THE central bank this week allocated US$6.7 million to the local pharmaceutical industry for crucial imports, but the amount falls far short of requirements.
Many pharmacies closed shop following the market turmoil triggered last week by pronouncements on currency and tax reforms by the central bank and Treasury.
Government announced a 2% tax on most electronic transfers, which now make up 99% of all retail payments, while the central bank directed banks to separate hard currency deposits from electronic balances and bond notes, which make up an unofficial local currency.
The moves triggered a sharp decline in the value of the nearly $10 billion bank balances on the parallel market, from 1:1.2 against the greenback on the day of the pronouncements, to 1:4 on Wednesday, although the rates had significantly come off by Friday morning, to 1:1.5.
Zimbabwe’s pharmaceutical industry imports 95% of its requirements.
“The crisis deepened over the last week due to uncertainty on how the import bill on medicines was going to be handled by the monetary authorities in the face of declining allocations of foreign currency to the industry over the past nine months,” the Pharmaceutical Society of Zimbabwe (PSZ) said in a statement on Friday.
Some suppliers had also withdrawn credit facilities to the industry over non-payment of past dues, the PSZ added.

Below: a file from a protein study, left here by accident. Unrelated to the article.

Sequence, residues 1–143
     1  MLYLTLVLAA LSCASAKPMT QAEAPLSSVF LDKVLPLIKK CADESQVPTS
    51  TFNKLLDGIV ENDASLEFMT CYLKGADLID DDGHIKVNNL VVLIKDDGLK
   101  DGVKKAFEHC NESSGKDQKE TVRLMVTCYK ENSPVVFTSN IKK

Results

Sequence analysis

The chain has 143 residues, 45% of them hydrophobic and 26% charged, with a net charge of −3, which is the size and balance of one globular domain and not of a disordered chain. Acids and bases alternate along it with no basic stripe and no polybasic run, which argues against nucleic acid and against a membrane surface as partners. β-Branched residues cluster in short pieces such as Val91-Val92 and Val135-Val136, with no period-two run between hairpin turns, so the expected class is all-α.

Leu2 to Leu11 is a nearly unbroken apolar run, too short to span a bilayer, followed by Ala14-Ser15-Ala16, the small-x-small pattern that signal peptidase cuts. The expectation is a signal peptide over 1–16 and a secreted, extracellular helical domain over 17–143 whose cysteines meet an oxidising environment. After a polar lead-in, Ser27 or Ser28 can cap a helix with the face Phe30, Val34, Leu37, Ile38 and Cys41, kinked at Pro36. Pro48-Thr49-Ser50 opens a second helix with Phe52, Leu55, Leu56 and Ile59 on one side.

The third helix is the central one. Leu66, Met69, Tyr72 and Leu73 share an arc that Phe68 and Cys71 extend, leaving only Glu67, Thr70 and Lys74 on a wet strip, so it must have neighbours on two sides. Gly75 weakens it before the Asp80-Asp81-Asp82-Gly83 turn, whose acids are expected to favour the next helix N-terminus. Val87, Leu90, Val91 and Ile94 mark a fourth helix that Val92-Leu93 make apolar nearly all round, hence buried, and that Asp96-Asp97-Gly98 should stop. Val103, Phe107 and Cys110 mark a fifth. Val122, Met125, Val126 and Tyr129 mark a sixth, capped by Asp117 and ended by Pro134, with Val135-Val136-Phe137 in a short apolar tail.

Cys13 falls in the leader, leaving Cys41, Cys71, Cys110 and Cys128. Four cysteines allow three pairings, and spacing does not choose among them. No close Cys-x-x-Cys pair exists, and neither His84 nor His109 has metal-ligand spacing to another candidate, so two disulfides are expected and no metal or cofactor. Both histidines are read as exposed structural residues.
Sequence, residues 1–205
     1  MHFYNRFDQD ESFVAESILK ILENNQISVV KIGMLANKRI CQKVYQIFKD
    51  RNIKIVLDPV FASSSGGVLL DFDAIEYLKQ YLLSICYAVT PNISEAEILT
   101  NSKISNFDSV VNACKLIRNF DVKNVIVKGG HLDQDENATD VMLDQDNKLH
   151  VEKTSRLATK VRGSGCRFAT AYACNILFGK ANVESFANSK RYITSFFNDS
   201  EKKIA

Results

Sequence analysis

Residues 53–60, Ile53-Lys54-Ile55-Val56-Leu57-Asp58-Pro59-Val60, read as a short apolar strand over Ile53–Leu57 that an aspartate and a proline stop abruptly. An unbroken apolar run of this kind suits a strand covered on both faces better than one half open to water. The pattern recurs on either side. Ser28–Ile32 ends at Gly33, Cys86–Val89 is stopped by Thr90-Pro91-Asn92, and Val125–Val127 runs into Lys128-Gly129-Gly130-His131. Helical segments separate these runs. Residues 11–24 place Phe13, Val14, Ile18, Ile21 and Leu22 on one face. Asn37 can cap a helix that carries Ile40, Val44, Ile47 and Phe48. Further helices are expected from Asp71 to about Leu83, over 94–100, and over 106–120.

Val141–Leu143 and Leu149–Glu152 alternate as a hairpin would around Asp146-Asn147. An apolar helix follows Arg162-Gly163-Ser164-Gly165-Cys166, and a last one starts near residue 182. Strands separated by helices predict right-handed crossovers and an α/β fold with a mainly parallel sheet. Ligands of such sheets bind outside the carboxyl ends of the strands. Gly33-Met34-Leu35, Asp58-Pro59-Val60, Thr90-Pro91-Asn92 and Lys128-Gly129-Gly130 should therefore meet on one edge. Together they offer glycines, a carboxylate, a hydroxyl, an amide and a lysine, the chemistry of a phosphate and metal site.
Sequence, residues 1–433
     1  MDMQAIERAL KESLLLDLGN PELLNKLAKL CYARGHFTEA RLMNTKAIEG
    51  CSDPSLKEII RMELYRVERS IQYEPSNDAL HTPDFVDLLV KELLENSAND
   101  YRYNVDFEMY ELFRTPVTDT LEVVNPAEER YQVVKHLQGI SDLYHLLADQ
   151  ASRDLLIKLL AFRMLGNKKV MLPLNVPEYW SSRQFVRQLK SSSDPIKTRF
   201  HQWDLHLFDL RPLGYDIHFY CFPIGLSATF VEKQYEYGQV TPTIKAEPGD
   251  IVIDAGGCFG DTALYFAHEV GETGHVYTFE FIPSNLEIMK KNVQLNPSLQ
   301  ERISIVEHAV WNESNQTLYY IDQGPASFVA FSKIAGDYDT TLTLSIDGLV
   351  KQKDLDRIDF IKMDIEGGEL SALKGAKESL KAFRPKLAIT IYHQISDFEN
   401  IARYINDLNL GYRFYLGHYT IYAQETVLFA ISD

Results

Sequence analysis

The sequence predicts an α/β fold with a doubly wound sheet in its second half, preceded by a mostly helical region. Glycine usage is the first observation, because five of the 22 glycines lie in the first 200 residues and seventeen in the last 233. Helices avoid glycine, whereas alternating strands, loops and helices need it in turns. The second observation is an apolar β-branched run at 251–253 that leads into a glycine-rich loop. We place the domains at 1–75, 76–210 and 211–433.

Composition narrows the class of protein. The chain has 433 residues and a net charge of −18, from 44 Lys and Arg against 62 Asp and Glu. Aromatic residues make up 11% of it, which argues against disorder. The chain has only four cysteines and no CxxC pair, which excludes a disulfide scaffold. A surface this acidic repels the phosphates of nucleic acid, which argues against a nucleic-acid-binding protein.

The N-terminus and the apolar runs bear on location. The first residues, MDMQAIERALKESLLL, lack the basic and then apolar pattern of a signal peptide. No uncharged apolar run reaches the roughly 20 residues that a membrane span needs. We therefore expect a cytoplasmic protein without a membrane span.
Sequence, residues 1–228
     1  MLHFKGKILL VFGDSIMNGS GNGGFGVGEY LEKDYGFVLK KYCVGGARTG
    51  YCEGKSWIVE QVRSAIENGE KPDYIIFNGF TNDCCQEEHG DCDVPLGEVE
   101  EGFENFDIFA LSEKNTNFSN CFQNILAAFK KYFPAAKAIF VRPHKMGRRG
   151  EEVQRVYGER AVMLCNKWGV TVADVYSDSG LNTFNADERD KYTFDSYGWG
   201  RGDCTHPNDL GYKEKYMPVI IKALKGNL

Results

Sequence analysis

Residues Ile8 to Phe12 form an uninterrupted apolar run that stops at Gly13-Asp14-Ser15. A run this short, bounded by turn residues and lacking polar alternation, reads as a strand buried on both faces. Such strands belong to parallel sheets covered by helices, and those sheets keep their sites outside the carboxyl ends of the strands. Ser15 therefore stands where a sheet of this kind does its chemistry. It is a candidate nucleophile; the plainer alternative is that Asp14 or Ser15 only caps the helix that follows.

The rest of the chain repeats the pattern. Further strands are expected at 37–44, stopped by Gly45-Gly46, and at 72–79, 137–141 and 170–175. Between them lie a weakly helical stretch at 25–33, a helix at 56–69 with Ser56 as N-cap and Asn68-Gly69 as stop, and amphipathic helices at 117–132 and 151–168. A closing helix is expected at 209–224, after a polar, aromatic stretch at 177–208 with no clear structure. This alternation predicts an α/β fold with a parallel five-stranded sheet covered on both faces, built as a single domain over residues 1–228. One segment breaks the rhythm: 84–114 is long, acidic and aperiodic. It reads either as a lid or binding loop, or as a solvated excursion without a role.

“The Minister of Health and Child Care has advised the industry that the RBZ has allocated US$6.7 million from a total requirement of US$29 million as of yesterday,” the industry body said.
“The importers will advise us on how much the availed foreign currency can unlock of the closed supplier accounts and also how much medicines will be availed in due course considering that the amount released so far is still not adequate for the immediate return to normalcy.”
Government had also allocated foreign currency to state drug procurer, Natpharm, for public hospital supplies as well as for production by local manufacturers, PSZ said.
The PSZ cautioned that, due to the long lead times in the pharmaceutical supply chain, the latest interventions will take some time before they are felt in the market.